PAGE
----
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Senate Bill 183: Bad Truancy Bills Introduced
Perry B. Clark
There were two bills in the Kentucky Legislature which would have permitted local law enforcement officials to take into custody school-age children, including homeschool children, who appeared in public during normal school hours.
Under House Bill 309 and Senate Bill 183, police could have been authorized to transport children to a facility operated by the board of education if they suspected the child should have been in school.
The purpose of this bill was to enable greater authority for local school boards to track down children who are truant from public school. However, bills like these could hinder lawful homeschool parents from allowing their children out in public during normal school hours for fear of their children being stopped, questioned, and possibly taken into custody for up to two hours.
H.B. 309 and S.B. 183 would have essentially created a statewide daytime curfew.
Thanks to your calls Senate Bill 183 failed to pass out of the Education Committee before the Legislature adjourned.
|2/15/2007||(Senate) Referred to Education Committee|
|3/27/2007||(Senate) Legislature adjourned|
No more action needed
House Bill 309 and Senate Bill 183 would violate a minor’s fundamental constitutional right to freedom of movement as guaranteed by the Fourteenth Amendment on the public streets, highways and areas of the city without being subjected to prior governmental restraint.
H.B. 309 and S.B. 183 would violate the fundamental legal principle of the presumption of innocence. This presumption is protected by the Due Process Clause of the Fourteenth and Fifth Amendments to the United States Constitution.
H.B. 309 and S.B. 183 would result in violations of the minors’ Fourth Amendment rights to be secure against unreasonable searches and seizures. A policeman should not stop and question anyone unless there are actual facts that make it reasonable to suspect that a crime has occurred. If a policeman stops and questions a person without such facts, it is a violation of the citizen's rights under the Fourth Amendment.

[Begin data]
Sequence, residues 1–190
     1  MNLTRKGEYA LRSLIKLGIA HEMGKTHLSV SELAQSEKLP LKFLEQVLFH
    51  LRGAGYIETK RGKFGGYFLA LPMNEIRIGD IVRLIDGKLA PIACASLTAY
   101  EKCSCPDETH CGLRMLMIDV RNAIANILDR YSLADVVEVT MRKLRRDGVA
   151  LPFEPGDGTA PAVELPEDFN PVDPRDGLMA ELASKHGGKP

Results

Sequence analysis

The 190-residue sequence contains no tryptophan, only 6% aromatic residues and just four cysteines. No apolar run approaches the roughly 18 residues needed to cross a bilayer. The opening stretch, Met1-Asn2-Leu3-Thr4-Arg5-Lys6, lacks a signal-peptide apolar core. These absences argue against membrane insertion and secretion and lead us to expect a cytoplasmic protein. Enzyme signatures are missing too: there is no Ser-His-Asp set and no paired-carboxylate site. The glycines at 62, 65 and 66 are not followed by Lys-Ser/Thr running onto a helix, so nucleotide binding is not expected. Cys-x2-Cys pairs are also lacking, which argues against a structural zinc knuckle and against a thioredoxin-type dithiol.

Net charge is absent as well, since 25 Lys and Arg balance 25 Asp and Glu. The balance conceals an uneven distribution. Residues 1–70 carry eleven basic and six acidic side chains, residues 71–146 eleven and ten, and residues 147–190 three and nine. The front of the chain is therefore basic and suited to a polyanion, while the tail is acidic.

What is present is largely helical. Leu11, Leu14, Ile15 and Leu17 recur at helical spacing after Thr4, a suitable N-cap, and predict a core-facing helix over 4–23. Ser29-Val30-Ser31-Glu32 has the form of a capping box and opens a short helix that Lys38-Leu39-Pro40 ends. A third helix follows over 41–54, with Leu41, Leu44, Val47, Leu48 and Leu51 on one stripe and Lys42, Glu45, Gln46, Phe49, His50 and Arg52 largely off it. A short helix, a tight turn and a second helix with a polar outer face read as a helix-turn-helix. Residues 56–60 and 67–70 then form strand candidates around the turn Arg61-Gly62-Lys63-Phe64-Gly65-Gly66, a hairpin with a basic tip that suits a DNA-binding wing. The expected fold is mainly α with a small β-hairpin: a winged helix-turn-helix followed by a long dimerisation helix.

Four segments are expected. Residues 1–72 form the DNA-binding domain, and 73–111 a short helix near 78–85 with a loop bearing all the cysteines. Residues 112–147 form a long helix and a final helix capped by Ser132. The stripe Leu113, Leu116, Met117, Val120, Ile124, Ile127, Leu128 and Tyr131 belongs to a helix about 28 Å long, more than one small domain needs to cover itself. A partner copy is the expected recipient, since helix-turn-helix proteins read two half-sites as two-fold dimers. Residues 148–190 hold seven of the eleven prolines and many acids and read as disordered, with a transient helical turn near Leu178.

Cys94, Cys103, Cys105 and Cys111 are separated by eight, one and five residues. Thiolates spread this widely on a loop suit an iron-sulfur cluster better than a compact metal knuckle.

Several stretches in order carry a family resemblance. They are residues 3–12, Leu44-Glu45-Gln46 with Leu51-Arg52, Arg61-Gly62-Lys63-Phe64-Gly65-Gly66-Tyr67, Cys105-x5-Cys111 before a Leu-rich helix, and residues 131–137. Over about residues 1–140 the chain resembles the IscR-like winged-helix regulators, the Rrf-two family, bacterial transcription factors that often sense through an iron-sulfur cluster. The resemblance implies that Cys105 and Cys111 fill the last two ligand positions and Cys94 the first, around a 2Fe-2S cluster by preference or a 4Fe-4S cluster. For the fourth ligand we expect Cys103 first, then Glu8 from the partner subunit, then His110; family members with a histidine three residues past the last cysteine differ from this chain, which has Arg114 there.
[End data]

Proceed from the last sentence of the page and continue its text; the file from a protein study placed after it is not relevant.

H.B. 309 and S.B. 183 would interfere with parents’ fundamental right to direct the upbringing and education of their children, especially for parents with children in small private schools who often work outside the classroom.
H.B. 309 and S.B. 183 are attempts to beef up the truancy laws in Kentucky. There is no need for new laws addressing the issue of truancy. The present laws addressing minors simply need to be enforced.
H.B. 309 and S.B. 183 would result in selective enforcement. Since officers will not be stopping every juvenile during school hours to check their identification, they will be selective. This opens up the extremely dangerous potential for unequal treatment of minors based upon race, appearance, dress, etc. This type of ordinance will simply divert attention from real crime prevention programs and interfere with effective police work.
There is no evidence that this type of legislation would significantly reduce juvenile crime during school hours. Statistics demonstrate that there is very little juvenile crime during these hours even when there is no legislation like H.B. 309 and S.B. 183. Additionally, the serious juvenile law-breaker will not be deterred by these bills. However, hundreds, if not thousands of innocent minors will suffer the inconvenience of unwarranted stops, detentions and harassment, not to mention the added cost for taxpayers for the enforcement of these bills.
H.B. 309 and S.B. 183 would train young citizens to accept, as normal, constraints that are inconsistent with the freedom they should be educated to enjoy and use responsibly in their adult years.
H.B. 309 and S.B. 183 sends a message to self-disciplined and responsible young people that the community makes no distinction between them and irresponsible adults who abuse freedom in ways detrimental to the community.
H.B. 309 and S.B. 183 would will likely result in registration of privately educated students with police departments with the attendant issuance of identification cards and badges.
For more information on daytime curfews, please see our issue analysis: “Daytime Curfews: Guilty Until Proven Innocent.”.
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